Why Spelling and Grammar Matter in Marketing

    by Kara Sassone

    Date

    July 20, 2011 at 3:33 PM

    writing computer keyboard pen paper

    No one is perfect, and by no means is HubSpot exempt from these problems, and it’s the results of which we should be acutely aware.

    Just recently there have been several examples of how these errors can be embarrassing and potentially harmful to brands.

    On Sunday night, the NBC-owned @BreakingNews Twitter account sent out an update saying that the President would have a “personal” statement on Monday. The problem is, it wasn’t a “personal” statement, but a “personnel” statement.

    It was only two letters, but those letters changed the message entirely. Many people who saw the message on Twitter speculated what the statement could be, but also wondered whether it was, in fact, a typo.

    Will it have lasting effects on the @BreakingNews account? Probably not. Did people write about it? Absolutely. ( Mediaite and Politisite )

    In Australia the government may have egg on its face because of a typo. The badges on the Royal Australian Navy have an extra “L.” Australia’s 7News talked with the Shadow Defence Minister who said this about the incident:

    "To have a badge on their upper arm that misspells our country ... it doesn't get any worse than that.”

    What does this do to the integrity of the Navy? Does it affect their ability to defend the country? Probably not. But again, does it get people talking – and not in a good way? Absolutely. Check out the comments on the 7News story to see prime examples.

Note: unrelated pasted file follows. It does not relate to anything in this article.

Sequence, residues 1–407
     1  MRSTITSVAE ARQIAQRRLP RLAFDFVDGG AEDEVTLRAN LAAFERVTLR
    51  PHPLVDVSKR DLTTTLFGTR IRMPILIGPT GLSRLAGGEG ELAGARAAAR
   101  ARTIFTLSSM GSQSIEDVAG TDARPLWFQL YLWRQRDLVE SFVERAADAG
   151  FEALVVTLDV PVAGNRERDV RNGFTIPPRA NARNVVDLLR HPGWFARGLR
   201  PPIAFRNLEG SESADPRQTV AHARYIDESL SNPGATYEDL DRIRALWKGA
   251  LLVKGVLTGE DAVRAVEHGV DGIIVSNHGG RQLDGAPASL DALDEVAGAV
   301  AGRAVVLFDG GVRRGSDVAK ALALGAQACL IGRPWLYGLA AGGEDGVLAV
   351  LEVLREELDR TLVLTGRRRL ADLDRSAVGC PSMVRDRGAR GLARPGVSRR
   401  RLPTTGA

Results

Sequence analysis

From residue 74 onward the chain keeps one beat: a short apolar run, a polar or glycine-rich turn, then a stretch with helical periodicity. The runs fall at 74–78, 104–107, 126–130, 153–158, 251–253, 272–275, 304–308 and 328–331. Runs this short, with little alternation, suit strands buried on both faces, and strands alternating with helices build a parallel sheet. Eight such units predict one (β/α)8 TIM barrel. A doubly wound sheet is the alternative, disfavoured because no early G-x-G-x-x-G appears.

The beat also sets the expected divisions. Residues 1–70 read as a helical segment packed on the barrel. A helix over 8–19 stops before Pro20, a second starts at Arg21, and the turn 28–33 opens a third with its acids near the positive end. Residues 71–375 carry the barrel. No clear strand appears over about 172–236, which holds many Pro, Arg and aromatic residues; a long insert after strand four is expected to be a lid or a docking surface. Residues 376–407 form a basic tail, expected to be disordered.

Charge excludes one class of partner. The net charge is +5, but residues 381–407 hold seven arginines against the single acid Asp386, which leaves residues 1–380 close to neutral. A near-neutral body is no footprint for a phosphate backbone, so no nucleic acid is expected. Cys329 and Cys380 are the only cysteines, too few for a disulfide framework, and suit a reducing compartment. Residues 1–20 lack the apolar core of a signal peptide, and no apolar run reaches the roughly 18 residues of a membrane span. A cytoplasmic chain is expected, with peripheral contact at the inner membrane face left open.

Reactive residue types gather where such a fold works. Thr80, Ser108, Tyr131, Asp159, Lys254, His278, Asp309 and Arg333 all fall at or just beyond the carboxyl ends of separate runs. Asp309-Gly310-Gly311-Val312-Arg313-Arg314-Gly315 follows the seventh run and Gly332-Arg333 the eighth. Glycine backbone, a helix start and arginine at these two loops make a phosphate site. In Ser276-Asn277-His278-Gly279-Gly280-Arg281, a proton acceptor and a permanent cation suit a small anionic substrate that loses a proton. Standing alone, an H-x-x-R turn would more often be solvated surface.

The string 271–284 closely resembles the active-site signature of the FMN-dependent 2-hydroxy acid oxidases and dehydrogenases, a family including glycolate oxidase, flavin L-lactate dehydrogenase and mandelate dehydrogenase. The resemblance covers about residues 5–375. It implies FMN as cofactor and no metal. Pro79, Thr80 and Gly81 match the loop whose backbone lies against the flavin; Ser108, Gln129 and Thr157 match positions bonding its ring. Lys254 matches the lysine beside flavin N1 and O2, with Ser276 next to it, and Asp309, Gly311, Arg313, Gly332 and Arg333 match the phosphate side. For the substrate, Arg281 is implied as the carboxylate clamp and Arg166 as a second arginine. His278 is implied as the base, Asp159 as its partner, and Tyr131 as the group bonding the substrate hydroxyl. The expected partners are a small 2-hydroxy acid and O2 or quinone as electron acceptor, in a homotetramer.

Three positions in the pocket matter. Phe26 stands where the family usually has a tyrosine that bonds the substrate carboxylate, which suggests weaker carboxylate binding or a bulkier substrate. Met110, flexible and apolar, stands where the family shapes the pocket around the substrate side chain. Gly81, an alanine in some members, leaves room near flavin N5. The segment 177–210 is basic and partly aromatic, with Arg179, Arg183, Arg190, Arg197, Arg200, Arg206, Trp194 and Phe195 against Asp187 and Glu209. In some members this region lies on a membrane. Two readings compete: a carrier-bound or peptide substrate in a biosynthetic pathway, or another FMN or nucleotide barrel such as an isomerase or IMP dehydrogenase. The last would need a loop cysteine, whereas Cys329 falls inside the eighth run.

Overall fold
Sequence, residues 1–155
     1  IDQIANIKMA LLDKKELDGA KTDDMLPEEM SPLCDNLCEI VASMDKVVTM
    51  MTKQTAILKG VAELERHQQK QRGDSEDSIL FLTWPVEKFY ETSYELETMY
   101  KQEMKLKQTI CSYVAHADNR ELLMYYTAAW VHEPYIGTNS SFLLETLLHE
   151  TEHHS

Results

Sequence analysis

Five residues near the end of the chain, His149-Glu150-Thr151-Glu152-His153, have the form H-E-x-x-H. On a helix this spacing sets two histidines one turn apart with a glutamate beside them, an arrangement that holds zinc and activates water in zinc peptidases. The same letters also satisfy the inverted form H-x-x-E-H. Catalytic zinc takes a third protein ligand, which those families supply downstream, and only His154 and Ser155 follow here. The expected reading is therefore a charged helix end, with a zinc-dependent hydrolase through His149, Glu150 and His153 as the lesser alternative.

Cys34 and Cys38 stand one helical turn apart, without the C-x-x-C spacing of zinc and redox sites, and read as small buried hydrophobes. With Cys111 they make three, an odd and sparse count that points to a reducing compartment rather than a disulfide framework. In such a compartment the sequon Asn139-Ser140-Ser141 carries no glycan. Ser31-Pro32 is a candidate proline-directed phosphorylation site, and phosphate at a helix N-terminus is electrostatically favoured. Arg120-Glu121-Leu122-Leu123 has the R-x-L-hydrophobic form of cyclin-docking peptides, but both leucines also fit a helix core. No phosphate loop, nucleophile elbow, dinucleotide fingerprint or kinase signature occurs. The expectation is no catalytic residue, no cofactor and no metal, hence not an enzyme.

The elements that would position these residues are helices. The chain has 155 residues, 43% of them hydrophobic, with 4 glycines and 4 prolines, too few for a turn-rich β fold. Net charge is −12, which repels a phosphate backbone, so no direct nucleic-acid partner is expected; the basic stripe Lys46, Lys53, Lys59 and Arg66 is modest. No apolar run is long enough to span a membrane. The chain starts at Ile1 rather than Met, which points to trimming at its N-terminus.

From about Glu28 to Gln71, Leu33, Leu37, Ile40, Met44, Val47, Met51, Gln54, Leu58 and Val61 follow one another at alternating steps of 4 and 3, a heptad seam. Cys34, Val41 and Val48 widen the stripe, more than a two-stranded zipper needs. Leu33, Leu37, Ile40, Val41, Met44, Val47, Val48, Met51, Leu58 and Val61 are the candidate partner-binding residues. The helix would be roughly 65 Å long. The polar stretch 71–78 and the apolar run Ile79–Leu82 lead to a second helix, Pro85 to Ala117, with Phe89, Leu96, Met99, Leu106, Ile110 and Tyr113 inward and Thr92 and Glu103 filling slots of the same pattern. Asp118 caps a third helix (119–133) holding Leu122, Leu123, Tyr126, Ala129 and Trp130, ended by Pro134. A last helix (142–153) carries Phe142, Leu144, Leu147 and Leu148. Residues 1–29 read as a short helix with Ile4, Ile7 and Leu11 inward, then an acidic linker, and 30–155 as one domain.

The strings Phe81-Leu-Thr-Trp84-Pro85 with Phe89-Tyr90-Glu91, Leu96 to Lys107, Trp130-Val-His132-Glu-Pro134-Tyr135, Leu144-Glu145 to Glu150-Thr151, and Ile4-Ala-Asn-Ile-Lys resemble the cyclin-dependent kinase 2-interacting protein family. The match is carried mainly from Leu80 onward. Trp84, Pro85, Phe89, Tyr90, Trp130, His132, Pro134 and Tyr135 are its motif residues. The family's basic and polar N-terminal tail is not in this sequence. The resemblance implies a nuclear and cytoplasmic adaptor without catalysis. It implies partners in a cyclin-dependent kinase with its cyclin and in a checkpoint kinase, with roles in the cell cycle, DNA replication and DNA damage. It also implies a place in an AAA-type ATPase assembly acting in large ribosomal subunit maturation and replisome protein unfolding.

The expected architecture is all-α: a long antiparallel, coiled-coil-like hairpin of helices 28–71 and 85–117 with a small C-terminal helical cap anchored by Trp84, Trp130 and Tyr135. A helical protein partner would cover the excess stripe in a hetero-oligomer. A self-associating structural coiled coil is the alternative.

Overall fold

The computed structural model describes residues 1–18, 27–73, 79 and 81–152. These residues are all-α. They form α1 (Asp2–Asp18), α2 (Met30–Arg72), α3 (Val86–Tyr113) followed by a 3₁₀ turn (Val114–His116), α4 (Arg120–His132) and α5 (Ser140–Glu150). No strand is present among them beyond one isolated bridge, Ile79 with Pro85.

But according to one entrepreneur who runs websites in the UK, spelling errors could account for thousands of dollars – or in his case, pounds – worth of lost revenue.

    Charles Duncombe says misspellings “put off customers who could have concerns about a website’s credibility.” He said this is clearly apparent when revenue per visitor was twice as high after an error was fixed on the website tightsplease.co.uk.

    It's not just spelling that people notice, it's grammar, too. One point my mother's English book drove home: "Never a sentence end a preposition with." Don't use 'good' when 'well' is correct. And make sure your nouns and verbs agree -- a company is an 'it.'

    While those mistakes can be sloughed off as “typos,” “being busy,” or even "the way people talk," it can also result in the loss of sales. Nothing any of us want.

    So what should you do to avoid these errors?

    1. Spell check. Seems obvious, but there's more to it than just running the spell check within the program. Actually make sure the words you have are the words you want. Don't confuse 'their' and 'they're' or 'it's' and 'its.'
    2. Have someone else read your work. By the time you've finished writing something you're not likely to see your own mistakes. Missing words, sentence fragments and other errors fill themselves in in your head, but not in someone else's, so they will find those and point them out to you.
    3. Find an English major to read your work, especially if you're concerned about grammar. They know the rules and will make sure you're following them.
    4. Be gracious and thankful when someone points out an error on your site, and FIX IT IMMEDIATELY. There is no "I'll get to that in a minute" when talking about an error on your website. As mentioned, errors could cost money.
    photo courtesy: peteoshea

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